Updated Jan 10, 2023
Though homeowners can always purchase a home warranty plan for themselves at any time, securing coverage sooner rather than later has become standard procedure among buyers and sellers during the home-selling process. For both parties, it ensures any appliance or system issues that might arise while the property is on the market won’t cost anything extra out-of-pocket.
Listed homes with home warranty coverage in place sell an average of 11 days faster and for at least $2,300 more than those without. This is largely because buyers feel more confident in their purchase decision when they know there aren’t any expensive unknown repairs waiting around the corner. We consulted Brandelyn Jones, a top-rated RealtorⓇ based in Goodyear, Arizona, who says approximately 90% of the clients she represents opt for home warranty coverage before closing.
A:“I definitely think so. In fact, I purchased a home warranty for my own son when he bought his home, but he ultimately decided not to renew it after the first year,” Brandelyn said. “Of course, three months after his coverage ended, he had what he thought was a simple toilet clog. Within two hours, a team of service professionals were excavating the floor of his home office because there was something in one of the pipelines underneath the house. Had he held onto his home warranty, all of that would’ve been covered.”
A: “I think it will really depend because most condominiums have HOAs with blanket insurance policies,” she said. There’s often this misconception among condos owners, however, that their HOA will automatically assume responsibility for all repairs in and around the unit, which just isn’t the case. Most HOAs will cover exterior features like the roof, but not interior items — so what happens when your dishwasher leaks?”
“I’m of the old ‘better safe than sorry’ mindset,” Brandelyn said. “If I have to pay, say $500 per year just for some peace of mind, then it’s worth it. These days there’s very little that you can repair in your home for much less than $500.”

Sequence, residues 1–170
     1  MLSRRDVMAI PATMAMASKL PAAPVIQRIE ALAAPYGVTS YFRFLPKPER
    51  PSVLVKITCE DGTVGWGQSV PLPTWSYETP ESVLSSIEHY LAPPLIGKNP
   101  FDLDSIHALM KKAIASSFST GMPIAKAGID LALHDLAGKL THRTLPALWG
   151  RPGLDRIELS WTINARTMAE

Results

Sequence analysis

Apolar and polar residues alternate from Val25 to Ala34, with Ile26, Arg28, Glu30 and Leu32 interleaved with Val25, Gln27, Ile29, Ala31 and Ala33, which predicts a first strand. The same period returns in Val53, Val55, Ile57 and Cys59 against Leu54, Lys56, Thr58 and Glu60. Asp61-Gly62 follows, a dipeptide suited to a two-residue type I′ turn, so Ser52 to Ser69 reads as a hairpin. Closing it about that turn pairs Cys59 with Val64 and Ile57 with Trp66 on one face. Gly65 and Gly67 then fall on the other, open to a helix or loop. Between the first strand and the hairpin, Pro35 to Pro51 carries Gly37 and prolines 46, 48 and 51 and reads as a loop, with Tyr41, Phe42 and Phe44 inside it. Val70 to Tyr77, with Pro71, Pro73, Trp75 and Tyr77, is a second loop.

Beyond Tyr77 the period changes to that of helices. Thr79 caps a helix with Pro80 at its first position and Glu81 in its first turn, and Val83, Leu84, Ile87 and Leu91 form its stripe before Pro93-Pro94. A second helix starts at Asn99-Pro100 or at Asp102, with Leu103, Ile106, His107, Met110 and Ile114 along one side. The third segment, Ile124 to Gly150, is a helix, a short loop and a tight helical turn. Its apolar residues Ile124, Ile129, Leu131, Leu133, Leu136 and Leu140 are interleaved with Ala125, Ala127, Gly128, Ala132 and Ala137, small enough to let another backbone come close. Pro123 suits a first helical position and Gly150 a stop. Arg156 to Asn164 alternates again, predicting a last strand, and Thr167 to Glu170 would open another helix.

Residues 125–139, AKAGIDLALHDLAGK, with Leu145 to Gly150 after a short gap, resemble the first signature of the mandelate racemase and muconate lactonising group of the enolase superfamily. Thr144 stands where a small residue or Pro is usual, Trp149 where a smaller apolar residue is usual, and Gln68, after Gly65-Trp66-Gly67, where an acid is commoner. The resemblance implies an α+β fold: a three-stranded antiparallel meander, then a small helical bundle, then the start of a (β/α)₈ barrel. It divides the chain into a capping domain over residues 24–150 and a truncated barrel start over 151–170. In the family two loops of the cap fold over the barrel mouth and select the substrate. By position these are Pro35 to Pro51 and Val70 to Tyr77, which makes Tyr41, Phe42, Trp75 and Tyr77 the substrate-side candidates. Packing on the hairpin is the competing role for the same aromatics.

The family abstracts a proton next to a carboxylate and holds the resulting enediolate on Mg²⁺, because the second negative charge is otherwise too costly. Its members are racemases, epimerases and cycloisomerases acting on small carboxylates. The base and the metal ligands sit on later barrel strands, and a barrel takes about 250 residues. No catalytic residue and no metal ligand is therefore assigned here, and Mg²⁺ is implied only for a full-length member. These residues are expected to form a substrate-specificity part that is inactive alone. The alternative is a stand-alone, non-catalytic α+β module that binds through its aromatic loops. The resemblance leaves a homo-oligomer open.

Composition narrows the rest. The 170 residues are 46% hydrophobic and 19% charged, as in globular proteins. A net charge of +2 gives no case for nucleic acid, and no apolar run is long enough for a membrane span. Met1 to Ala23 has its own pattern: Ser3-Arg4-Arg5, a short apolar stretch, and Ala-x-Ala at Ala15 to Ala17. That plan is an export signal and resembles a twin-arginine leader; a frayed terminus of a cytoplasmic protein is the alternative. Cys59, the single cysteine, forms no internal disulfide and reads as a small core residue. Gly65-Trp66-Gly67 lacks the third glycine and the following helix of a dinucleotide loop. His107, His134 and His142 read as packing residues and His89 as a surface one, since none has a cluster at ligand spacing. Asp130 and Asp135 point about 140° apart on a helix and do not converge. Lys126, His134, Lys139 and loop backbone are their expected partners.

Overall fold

A: “I see a lot of roofing issues. And part of the problem we have here in Arizona specifically is that roofs are often not covered,” she said. “So I think a lot of the home warranty companies get a bad rap — if homeowners don’t get a great experience just because something isn’t covered, they’ll rip providers to shreds. It’s important that people take a really close look at their policy before signing up.”
“As for other issues, leaking toilets are fairly common too. I just had a client who bought an older home in May and two days after move-in, they needed to connect with their home warranty provider for plumbing help. Garage doors and water heaters can be problematic as well.”
A: “For my listings, as an added benefit for any of my clients who are selling their home, as soon as the home hits the market, I make sure they’re protected with specialty seller’s coverage. It’s no cost to them either,” she said. “Once the seller or buyer chooses to move forward with the coverage post-sale, they’ll sometimes get some leniency with pre-existing conditions because they took initiative to cover the home ahead of time.”
“I really encourage all of my sellers to move forward with the coverage at the close of escrow. If they do, the listing coverage usually only costs around $65. This is something I cover for them. If they decide not to move forward with it, I, as their agent, am not charged a penny by the provider.”
A: “I still like to encourage all of my clients who are buying a home to consider home warranty coverage, but I’m very honest with them, of course. I never make recommendations for specific companies,” Brandelyn said. “Instead, I’ll usually provide a broad list of a few reputable companies. I also strongly advise — especially given the situation we’re in now with inflated trade and labor prices — that they prioritize a home warranty company that’ll let them choose their own licensed contractor.”
A: “Fairly often. I’m going to say about 90% end up signing up for home warranty coverage during the buying or selling process.”
A: “I definitely think first-time homeowners are a great candidate for home warranties,” she said. “Seniors and older homeowners should consider home warranties as well. We have such a large population of homeowners that are 55 and older in Arizona, and they definitely don’t need to be dealing with home maintenance issues on their own.”
“HVAC systems, for example, are a necessity out here and are not something the average homeowner should address alone when something stops working. Even with coverage, homeowners need to be really careful because many assume that so long as they have a plan in place and their unit breaks down, that it’s a guaranteed replacement — and it likely won’t be,” she added. “Typically, they’ll part it out and only fix the specific component that isn’t working. I think instances like these are where most of the pushback against home warranty companies come from.”
“Other things might not be eligible for coverage at all. Refrigerant, for example, isn’t covered by most home warranty plans. You’ll have to purchase a rider for that.”
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